Risk Of Severely Increasing The Cost Of All Basic Goods In the Global Economy[iv]
The rising grain prices driven by increased global demand combined with diversion of grain to fuel production is causing tremendous stress on the global economy:
“Those hit hardest by the soaring price of food are those who were already struggling to afford it. "You have people who could get along with bread at 30 cents, but not at 65," says Nancy Roman, the World Food Programme's communications and policy director. Food prices have risen so rapidly, Roman says, that the WFP will need $520 million more to provide the amount of food they had budgeted for this summer. They have saved some costs by buying food locally rather than importing it from abroad, Roman says. That saves transportation costs, and helps local farmers, too. Still, she says, "At some point, you're out of tricks.

In China, inflation may hit a 10-year high, thanks to higher food prices. Costs in Singapore are rising faster than at any time in the past 30 years, according to Merrill Lynch. "A lot depends on how countries with large resources like the U.S. or EU or Brazil, how they invest and how they proceed with this biofuels initiative and how much extra land they will bring in," says Shahla Shapouri, a senior economist at the USDA. "Low-income countries are basically price takers; they are not movers and shakers."
For developing countries, the rising costs of staple grains have had a tremendous negative effect on their economy as The Food and Agriculture Organization of the United Nations (FAO) estimated that cost to import food has been increasing steadily since 2000 but the rise in cost accelerated in the last few years, most recently resulting in an estimated increase of 25% from 2006 to 2007[v].

Prices in the U.S. has been rising as well, especially corn, as a direct result of ethanol production. The June 2007 report by the Michigan Corn Growers Association notes that corn prices had increased 97% since 2006, while other commodities during the same time actually dropped:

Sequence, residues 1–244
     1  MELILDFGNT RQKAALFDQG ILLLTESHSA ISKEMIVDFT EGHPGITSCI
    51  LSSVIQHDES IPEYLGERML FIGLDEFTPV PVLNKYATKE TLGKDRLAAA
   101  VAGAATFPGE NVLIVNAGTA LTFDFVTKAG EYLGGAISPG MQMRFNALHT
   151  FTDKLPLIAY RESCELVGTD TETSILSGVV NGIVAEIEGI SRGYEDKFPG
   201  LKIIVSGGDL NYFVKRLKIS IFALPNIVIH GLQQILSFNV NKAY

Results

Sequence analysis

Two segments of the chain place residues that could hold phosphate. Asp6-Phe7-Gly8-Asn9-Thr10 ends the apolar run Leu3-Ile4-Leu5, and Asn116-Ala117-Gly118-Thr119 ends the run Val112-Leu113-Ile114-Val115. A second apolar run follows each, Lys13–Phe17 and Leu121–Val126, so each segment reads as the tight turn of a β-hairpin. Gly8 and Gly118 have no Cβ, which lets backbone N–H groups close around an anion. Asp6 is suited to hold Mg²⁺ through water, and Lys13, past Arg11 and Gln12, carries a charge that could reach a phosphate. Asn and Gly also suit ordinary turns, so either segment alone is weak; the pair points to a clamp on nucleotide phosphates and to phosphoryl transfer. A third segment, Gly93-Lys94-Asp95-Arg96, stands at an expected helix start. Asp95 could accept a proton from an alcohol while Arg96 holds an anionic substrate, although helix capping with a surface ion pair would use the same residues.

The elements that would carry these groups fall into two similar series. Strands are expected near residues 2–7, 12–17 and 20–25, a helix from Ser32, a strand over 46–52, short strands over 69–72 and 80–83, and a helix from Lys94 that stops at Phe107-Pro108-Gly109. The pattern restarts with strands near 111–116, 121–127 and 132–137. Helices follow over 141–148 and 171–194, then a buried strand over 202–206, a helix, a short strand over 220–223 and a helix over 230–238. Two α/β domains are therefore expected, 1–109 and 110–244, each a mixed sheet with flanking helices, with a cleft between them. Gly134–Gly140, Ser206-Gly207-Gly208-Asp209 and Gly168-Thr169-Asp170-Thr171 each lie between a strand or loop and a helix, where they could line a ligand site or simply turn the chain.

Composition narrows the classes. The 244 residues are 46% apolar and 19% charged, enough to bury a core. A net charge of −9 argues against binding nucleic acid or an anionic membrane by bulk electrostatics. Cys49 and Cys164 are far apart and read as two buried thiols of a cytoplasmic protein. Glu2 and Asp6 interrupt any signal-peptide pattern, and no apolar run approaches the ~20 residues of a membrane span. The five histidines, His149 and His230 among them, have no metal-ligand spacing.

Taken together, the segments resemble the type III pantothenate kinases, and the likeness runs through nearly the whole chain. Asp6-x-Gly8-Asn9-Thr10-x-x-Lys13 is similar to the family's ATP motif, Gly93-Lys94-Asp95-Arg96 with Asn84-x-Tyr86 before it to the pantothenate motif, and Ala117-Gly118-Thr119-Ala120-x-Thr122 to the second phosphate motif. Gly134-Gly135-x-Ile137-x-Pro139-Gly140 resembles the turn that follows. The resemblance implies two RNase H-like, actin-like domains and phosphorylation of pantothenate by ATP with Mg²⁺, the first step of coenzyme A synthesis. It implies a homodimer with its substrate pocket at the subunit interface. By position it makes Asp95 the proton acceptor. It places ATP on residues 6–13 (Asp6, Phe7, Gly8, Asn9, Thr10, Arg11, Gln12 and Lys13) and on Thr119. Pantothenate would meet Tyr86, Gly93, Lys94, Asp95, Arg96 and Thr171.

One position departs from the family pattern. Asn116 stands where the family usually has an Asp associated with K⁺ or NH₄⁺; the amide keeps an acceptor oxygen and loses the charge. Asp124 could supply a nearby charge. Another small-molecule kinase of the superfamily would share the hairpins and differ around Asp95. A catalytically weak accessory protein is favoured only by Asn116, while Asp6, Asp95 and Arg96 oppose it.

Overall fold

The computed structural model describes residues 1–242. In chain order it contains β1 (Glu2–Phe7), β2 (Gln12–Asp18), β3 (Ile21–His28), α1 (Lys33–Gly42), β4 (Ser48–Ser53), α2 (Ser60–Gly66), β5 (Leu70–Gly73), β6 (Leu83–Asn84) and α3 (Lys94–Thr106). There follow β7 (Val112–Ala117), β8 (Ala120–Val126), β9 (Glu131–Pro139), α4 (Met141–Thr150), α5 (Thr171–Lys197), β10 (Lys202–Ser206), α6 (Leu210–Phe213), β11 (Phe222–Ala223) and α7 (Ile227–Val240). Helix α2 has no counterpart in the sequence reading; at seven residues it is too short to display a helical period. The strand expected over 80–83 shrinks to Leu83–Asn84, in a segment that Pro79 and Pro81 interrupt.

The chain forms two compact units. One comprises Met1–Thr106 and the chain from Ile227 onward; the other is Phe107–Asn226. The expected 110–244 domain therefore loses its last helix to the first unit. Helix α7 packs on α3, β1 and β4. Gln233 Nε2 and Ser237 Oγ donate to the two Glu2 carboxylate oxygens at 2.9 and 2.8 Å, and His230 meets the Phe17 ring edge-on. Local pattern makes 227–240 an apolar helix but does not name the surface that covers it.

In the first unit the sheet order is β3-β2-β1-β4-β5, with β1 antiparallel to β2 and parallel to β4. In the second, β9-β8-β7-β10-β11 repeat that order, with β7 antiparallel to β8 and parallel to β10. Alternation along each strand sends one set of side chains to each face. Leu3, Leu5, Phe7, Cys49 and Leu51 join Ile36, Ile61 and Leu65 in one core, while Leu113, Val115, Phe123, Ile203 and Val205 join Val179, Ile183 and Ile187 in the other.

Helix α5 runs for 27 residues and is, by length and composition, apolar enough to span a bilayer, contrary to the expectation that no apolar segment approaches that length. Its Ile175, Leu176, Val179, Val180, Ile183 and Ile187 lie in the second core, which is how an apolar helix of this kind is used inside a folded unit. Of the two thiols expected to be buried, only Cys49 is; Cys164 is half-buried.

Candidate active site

“The incremental impact of higher input costs, including corn, will be to increase the consumer rate of inflation by 9-15% (3-5% annually) during 2007-09. Assuming food inflation would have been 3% without the increase in corn prices, this implies a food inflation rate of 6-8% during 2007-09. The study suggests the greatest inflation for consumers would be in meat, poultry, fish and eggs. Inflation for these items could be, on average, 4 to 11 percent higher annually than without the rise in corn prices. If the higher price of corn is maintained, the increased cost will be passed on to consumers. …For example, $1.00 worth of food in 2006 would likely cost $1.03 in 2007 absent of the rise in corn prices. With the increase in corn prices, $1.00 worth of food in 2006 might cost the consumer $1.06-1.08 in 2007.”
Overall, the food prices in the U.S. is expected to inflate at a higher rate than the general inflation rate for the next seven years due to the growing use of corn for ethanol production[vi].

While the desire to wean ourselves away from foreign oil is a noble purpose, one that I applaud, the execution of the desire has severe risk consequences that will affect the global economy and socio-political landscapes. As more countries include grain and meat into their diet, supply of these food staples has not be able to catch up with the rapidly increasing demand. This has caused inflationary pressures in countries around the globe, leading to civil unrest and governments taking drastic measures such as guarding their grain storage with their military.

USDA’s own projection also indicates that the U.S. is not spared the consequences of rising grain prices. In its report “Ethanol Expansion in the United States -- How Will the Agricultural Sector Adjust?” USDA clearly notes the destabilizing risks of increased use of corn for ethanol production:
  • “Soybeans compete most directly with corn and on the largest amount of land. Thus, much of the expansion in corn plantings comes from soybeans, and soybean plantings and production decline.”
  • “Reduced production and higher prices for soybeans also bring higher prices for both soybean meal and soybean oil.”
  • ”In response to higher corn prices, red meat production declines and growth in poultry output slows in the United States, particularly during the next several years as ethanol production ramps up.”
  • “With reduced production, prices for meats at both the producer and retail level rise…”
  • ” As a result, consumer prices for red meats, poultry, and eggs are expected to exceed the general inflation rate in 2008-10. Consequently, overall retail food prices in USDA’s 2007 long-term projections rise faster than the general inflation rate for several years.”
It is going to be interesting to see how this will play out. Stay tuned for updates on this topic.

May Your Trading Be Profitable

Ed Kim
Practical Risk Manager
DISCLOSURE: The author holds long positions in Oil Refining Companies at this time.